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Opinions April 12, 2012

April 12, 2012
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7th Circuit Court of Appeals
United States of America v. Jaymie T. Mount
11-2616
U.S. District Court, Southern District of Indiana, Indianapolis Division, Judge Jane E. Magnus-Stinson.
Criminal. Remands for resentencing after the District Court denied the government’s motion for Mount to receive an additional one-level reduction following his guilty plea, citing Mount’s flight from charges. The additional reduction is mandatory once the government determines that the criteria spelled out in U.S.S.G. Section 3E1.1(b) are satisfied and it makes the necessary motion.

United States of America v. Anthony Raupp
11-2215
U.S. District Court, Southern District of Indiana, Indianapolis Division, Judge Tanya Walton Pratt.
Criminal. Amends original opinion issued March 9, 2012, in which majority affirmed 100-month sentence and determination Raupp is a career offender. Judge Diane Wood dissents.

Indiana Supreme Court and Indiana Tax Court had posted no opinions at IL deadline.

Indiana Court of Appeals
John Morse, M.D. v. Jeffrey Wayne Davis

84A05-1103-CT-140
Civil tort. Affirms judgment against Dr. Morse following a jury trial on Davis’ complaint alleging medical malpractice for failure to diagnose Davis’ colon cancer. The trial court did not abuse its discretion when it excluded from evidence at trial certain expert testimony, a medical record and the testimony of a treating physician and nurse.

Jarrad L. Mastin v. State of Indiana
18A02-1109-CR-890
Criminal. Affirms convictions of and sentences for one count of Class A felony child molesting and two counts of Class B felony child molesting. Mastin did not demonstrate that the trial court’s evidentiary rulings denied him a fair trial. There is sufficient evidence from which the jury could conclude he committed child molesting by sexual intercourse.

H.V. and O.P. v. Indiana Department of Child Services (NFP)
02A05-1108-JT-506
Juvenile. Affirms termination of parental rights.

Robert E. Stanley v. State of Indiana (NFP)

18A02-1109-CR-834
Criminal. Affirms conviction of Class D felony home improvement fraud.

Gary Anderson Proby v. State of Indiana (NFP)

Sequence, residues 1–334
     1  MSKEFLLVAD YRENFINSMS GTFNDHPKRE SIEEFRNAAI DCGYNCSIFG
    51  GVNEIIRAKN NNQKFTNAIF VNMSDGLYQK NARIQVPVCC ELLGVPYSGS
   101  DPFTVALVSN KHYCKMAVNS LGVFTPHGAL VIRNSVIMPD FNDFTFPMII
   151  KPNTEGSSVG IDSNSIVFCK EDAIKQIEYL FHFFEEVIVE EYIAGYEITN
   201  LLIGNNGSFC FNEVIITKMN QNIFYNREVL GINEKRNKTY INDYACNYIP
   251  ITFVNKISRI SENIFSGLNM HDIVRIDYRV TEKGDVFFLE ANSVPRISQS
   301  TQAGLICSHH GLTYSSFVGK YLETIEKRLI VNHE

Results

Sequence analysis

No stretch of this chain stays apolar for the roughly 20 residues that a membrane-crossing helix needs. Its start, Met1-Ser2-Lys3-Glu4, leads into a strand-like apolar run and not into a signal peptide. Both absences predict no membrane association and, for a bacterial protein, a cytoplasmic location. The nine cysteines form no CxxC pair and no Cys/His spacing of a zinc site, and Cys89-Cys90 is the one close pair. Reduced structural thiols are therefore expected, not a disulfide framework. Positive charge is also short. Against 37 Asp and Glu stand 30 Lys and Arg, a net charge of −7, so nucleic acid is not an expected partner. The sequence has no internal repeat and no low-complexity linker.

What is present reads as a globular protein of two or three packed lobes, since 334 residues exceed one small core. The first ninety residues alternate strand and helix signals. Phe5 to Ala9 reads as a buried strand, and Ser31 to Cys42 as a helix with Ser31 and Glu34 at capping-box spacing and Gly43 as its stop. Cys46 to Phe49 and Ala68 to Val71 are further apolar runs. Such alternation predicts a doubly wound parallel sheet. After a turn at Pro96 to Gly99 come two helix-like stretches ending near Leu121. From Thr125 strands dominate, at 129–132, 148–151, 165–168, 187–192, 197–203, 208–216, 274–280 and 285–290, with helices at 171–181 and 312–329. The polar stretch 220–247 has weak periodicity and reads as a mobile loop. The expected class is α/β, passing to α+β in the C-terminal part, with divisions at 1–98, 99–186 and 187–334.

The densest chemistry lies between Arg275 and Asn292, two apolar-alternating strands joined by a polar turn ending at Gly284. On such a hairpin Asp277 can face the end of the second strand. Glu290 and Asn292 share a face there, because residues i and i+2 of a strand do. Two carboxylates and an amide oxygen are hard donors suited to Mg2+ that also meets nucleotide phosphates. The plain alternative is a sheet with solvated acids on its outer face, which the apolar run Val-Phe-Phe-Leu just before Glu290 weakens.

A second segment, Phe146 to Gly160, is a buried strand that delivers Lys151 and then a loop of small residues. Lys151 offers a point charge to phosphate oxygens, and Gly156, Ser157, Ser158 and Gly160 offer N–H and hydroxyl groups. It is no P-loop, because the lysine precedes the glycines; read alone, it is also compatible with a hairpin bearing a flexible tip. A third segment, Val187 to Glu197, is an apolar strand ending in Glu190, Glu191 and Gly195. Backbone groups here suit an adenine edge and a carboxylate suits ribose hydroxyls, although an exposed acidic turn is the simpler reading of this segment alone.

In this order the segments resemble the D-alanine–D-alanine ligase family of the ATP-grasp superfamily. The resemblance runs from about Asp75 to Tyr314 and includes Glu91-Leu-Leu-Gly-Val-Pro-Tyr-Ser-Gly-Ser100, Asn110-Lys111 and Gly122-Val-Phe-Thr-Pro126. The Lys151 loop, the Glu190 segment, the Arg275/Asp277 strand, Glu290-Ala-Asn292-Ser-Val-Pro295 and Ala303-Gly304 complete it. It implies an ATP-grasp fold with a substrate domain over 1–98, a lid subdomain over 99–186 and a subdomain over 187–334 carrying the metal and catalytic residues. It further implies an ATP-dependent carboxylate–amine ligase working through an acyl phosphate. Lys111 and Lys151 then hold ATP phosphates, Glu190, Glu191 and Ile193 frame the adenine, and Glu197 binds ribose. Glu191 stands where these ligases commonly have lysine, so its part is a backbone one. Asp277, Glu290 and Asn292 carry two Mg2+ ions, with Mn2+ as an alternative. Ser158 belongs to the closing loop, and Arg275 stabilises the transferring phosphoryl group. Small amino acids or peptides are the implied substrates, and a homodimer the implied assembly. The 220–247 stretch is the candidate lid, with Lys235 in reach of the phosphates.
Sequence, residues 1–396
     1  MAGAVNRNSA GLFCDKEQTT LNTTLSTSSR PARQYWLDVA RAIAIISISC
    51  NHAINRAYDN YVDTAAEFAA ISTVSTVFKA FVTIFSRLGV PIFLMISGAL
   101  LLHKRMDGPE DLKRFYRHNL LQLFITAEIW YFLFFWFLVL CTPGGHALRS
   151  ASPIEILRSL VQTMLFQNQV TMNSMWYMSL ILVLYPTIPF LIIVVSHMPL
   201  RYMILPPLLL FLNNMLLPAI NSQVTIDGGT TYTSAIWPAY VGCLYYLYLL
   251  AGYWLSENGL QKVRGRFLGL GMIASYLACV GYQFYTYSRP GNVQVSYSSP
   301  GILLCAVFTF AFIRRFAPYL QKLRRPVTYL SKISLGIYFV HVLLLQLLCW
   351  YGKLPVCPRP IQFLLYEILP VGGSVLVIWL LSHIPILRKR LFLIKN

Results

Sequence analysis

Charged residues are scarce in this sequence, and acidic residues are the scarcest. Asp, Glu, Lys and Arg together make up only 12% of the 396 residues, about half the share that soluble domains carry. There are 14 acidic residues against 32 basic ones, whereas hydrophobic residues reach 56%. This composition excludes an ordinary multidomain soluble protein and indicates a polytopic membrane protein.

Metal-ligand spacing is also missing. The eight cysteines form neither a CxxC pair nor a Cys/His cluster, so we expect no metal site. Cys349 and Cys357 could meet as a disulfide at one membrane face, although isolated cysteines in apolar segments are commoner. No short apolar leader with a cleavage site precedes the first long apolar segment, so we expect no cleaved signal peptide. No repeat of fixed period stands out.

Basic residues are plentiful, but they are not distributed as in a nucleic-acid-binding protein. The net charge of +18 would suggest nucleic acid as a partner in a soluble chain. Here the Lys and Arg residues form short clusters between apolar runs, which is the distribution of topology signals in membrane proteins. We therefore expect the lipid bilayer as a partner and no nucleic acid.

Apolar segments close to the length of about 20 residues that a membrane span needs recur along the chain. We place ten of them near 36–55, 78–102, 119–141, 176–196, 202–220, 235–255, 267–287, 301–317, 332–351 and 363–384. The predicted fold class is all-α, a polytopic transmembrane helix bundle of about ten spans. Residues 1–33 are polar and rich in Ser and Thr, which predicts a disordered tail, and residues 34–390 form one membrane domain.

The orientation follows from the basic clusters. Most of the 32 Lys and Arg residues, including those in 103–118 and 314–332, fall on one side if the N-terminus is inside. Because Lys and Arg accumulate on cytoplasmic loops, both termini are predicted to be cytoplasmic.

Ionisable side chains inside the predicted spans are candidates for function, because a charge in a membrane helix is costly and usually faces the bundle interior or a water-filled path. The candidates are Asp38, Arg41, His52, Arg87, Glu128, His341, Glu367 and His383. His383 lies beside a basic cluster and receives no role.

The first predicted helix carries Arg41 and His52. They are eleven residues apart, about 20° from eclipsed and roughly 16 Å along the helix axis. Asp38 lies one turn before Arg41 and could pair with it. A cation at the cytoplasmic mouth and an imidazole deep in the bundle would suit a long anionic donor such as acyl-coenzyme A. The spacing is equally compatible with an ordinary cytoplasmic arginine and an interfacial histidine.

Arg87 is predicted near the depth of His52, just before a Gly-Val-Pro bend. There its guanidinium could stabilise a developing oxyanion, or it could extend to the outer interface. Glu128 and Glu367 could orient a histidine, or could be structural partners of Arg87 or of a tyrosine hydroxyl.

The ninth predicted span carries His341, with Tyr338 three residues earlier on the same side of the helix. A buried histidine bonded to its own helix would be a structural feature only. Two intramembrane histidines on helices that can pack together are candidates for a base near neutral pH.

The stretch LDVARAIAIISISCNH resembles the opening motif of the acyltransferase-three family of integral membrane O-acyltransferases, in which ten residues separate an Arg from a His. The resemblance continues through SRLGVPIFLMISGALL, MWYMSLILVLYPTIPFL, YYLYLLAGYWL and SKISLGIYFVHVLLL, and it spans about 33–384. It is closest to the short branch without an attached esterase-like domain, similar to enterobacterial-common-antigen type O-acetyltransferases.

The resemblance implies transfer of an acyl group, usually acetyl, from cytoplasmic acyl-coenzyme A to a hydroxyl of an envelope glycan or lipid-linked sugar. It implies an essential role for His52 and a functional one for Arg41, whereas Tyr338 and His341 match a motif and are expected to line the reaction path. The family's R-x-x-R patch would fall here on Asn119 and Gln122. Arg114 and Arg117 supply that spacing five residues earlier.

71A05-1110-CR-522
Criminal. Affirms conviction of Class B felony burglary.

Johnny Lee Gibson v. State of Indiana (NFP)
45A04-1109-CR-494
Criminal. Affirms sentence following guilty plea to Class B felony rape.

D.H. v. State of Indiana (NFP)
49A04-1110-JV-533
Juvenile. Affirms adjudication for committing what would be Class C felony intimidation and two acts that would have been Class B misdemeanor possession of a knife on school property, if committed by an adult.

Jason Haste and Jamie R. Haste v. State of Indiana (NFP)
20A05-1107-CR-364
Criminal. Affirms the Hastes’ convictions of and sentences for maintaining a common nuisance and possession of marijuana as Class D felonies, but vacates their convictions of Class A misdemeanor possession of marijuana due to double jeopardy violations.

Joseph Adams v. State of Indiana (NFP)
33A04-1110-CR-562
Criminal. Affirms sentence for Class B misdemeanor criminal mischief and the revocation of Adams’ probation.

David Paul Burns v. State of Indiana (NFP)
45A03-1108-CR-364
Criminal. Affirms conviction of Class D felony theft and adjudication as a habitual offender.

Rodney W. Robinson v. Arthur Cashwell & Roxie Battle (NFP)
45A03-1107-SC-351
Small claim. Affirms judgment against Robinson and in favor of Cashwell and Battle on Robinson’s claim that the defendants had his truck improperly towed.
 

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  3. The practitioners and judges who hail E-filing as the Saviour of the West need to contain their respective excitements. E-filing is federal court requires the practitioner to cram his motion practice into pigeonholes created by IT people. Compound motions or those seeking alternative relief are effectively barred, unless the practitioner wants to receive a tart note from some functionary admonishing about the "problem". E-filing is just another method by which courts and judges transfer their burden to practitioners, who are the really the only powerless components of the system. Of COURSE it is easier for the court to require all of its imput to conform to certain formats, but this imposition does NOT improve the quality of the practice of law and does NOT improve the ability of the practitioner to advocate for his client or to fashion pleadings that exactly conform to his client's best interests. And we should be very wary of the disingenuous pablum about the costs. The courts will find a way to stick it to the practitioner. Lake County is a VERY good example of this rapaciousness. Any one who does not believe this is invited to review the various special fees that system imposes upon practitioners- as practitioners- and upon each case ON TOP of the court costs normal in every case manually filed. Jurisprudence according to Aldous Huxley.

  4. Any attorneys who practice in federal court should be able to say the same as I can ... efiling is great. I have been doing it in fed court since it started way back. Pacer has its drawbacks, but the ability to hit an e-docket and pull up anything and everything onscreen is a huge plus for a litigator, eps the sole practitioner, who lacks a filing clerk and the paralegal support of large firms. Were I an Indiana attorney I would welcome this great step forward.

  5. Can we get full disclosure on lobbyist's payments to legislatures such as Mr Buck? AS long as there are idiots that are disrespectful of neighbors and intent on shooting fireworks every night, some kind of regulations are needed.

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